He was so quaintly cheerful that I could not long be otherwise, and was almost ashamed of having been otherwise at all. When I went to bed, I cried. I am bound to confess that I cried; but I hope it was with pleasure, though I am not quite sure it was with pleasure. I repeated every word of the letter twice over.
A most beautiful summer morning succeeded, and after breakfast we went out arm in arm to see the house of which I was to give my mighty housekeeping opinion. We entered a flower-garden by a gate in a side wall, of which he had the key, and the first thing I saw was that the beds and flowers were all laid out according to the manner of my beds and flowers at home.
"You see, my dear," observed my guardian, standing still with a delighted face to watch my looks, "knowing there could be no better plan, I borrowed yours."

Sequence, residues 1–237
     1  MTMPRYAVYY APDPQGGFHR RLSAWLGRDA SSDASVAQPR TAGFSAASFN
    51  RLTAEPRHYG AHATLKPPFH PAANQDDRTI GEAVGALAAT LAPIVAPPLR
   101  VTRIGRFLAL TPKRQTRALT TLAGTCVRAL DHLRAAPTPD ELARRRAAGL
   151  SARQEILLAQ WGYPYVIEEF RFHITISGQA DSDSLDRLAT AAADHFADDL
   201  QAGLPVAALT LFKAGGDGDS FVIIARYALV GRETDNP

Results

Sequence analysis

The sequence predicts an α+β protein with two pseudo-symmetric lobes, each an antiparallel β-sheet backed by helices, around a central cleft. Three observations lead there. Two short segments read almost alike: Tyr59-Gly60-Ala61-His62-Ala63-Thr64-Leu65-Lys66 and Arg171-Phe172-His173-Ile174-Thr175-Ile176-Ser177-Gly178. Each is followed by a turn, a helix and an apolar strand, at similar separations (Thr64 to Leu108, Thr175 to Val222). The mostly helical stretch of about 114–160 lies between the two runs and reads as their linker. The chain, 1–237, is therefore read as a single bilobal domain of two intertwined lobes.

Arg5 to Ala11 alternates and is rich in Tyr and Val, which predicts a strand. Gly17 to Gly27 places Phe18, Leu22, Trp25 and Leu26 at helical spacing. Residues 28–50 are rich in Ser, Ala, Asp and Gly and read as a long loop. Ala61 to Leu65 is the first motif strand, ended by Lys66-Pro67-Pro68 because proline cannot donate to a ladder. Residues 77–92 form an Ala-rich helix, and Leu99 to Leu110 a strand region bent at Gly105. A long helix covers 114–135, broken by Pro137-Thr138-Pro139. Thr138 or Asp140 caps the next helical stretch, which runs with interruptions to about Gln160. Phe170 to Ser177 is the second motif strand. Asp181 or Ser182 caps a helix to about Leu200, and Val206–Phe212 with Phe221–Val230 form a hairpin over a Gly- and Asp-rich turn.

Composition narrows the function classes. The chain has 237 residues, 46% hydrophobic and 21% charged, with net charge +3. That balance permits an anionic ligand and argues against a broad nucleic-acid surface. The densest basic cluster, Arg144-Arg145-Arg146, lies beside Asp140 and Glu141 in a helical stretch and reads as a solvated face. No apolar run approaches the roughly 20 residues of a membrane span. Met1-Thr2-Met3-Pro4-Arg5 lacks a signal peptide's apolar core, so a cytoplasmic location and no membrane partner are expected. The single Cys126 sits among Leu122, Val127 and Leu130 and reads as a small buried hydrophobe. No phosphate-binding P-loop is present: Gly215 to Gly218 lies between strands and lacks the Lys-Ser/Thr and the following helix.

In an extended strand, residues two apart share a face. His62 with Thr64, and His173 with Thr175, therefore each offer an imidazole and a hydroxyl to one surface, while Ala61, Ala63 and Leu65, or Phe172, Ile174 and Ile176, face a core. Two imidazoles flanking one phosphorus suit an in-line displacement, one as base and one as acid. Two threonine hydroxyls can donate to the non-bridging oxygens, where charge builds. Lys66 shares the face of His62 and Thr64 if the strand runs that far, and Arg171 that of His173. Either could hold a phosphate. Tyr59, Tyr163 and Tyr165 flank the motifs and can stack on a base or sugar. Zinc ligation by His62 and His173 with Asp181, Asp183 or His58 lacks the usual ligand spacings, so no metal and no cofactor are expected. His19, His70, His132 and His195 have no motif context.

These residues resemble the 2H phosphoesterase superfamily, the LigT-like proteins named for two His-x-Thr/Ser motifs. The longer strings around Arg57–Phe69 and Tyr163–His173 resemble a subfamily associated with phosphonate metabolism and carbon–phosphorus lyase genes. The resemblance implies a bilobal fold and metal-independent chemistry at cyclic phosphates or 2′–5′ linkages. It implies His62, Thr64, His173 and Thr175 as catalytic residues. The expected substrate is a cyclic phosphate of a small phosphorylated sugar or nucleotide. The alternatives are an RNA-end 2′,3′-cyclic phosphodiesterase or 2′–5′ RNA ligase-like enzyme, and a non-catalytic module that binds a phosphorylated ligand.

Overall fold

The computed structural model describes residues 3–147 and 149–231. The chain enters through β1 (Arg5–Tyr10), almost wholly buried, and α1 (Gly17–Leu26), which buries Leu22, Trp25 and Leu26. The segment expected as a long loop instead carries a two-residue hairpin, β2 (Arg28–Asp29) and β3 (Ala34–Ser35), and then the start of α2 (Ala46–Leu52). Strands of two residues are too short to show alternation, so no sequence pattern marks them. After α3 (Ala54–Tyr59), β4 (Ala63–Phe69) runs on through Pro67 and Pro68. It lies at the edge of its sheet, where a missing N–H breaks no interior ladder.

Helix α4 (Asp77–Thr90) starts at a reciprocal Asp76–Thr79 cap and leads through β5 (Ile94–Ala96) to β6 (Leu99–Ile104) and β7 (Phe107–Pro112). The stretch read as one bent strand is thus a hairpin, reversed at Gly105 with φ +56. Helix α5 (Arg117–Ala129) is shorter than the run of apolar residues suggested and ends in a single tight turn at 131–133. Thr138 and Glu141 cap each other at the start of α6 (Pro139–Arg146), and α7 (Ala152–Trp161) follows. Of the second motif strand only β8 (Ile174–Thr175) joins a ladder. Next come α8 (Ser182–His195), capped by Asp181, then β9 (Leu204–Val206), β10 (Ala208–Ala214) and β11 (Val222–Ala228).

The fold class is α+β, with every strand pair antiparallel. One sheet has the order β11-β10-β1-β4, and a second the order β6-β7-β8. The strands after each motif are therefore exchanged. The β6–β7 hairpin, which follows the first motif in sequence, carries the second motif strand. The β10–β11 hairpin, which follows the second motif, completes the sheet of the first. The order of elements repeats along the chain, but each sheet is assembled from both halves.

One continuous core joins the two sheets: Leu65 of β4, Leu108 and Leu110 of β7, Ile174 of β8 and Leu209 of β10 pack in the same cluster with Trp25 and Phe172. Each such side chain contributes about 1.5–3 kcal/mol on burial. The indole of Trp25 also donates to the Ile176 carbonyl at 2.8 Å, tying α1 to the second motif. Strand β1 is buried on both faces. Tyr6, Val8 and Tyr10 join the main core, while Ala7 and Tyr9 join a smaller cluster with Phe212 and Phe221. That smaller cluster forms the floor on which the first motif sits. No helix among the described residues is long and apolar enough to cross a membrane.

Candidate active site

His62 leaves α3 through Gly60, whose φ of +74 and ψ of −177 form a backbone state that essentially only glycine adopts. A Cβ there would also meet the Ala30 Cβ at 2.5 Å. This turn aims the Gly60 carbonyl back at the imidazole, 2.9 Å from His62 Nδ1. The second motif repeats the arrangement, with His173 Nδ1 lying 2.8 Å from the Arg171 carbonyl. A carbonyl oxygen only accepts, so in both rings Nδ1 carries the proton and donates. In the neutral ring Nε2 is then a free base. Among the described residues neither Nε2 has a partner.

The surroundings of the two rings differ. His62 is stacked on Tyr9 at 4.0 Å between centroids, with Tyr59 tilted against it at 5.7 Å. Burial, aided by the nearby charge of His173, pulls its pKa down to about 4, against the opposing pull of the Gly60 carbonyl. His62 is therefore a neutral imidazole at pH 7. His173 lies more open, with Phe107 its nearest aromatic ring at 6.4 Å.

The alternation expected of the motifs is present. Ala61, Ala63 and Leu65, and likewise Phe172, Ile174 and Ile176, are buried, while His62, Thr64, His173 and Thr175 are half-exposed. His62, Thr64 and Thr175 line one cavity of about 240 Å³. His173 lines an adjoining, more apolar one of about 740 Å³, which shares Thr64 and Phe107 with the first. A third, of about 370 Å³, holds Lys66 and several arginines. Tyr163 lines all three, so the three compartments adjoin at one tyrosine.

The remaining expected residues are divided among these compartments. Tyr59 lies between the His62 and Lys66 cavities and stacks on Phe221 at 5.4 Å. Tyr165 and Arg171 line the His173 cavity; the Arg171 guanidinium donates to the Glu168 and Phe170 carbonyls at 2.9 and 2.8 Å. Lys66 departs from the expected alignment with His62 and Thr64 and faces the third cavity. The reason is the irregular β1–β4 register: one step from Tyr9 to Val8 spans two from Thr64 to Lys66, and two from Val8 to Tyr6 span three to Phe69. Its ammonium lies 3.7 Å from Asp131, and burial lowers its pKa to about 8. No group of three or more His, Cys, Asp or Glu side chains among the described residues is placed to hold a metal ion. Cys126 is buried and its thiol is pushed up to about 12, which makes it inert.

We went on by a pretty little orchard, where the cherries were nestling among the green leaves and the shadows of the apple-trees were sporting on the grass, to the house itself — a cottage, quite a rustic cottage of doll's rooms; but such a lovely place, so tranquil and so beautiful, with such a rich and smiling country spread around it; with water sparkling away into the distance, here all overhung with summer-growth, there turning a humming mill; at its nearest point glancing through a meadow by the cheerful town, where cricket-players were assembling in bright groups and a flag was flying from a white tent that rippled in the sweet west wind. And still, as we went through the pretty rooms, out at the little rustic verandah doors, and underneath the tiny wooden colonnades garlanded with woodbine, jasmine, and honey-suckle, I saw in the papering on the walls, in the colours of the furniture, in the arrangement of all the pretty objects, MY little tastes and fancies, MY little methods and inventions which they used to laugh at while they praised them, my odd ways everywhere.